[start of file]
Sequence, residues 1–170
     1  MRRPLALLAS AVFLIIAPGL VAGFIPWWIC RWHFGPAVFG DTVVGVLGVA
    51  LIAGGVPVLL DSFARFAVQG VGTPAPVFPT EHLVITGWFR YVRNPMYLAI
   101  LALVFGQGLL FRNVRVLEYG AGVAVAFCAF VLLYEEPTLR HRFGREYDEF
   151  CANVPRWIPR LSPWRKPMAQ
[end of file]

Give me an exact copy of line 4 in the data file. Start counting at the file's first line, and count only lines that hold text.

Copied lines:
   101  LALVFGQGLL FRNVRVLEYG AGVAVAFCAF VLLYEEPTLR HRFGREYDEF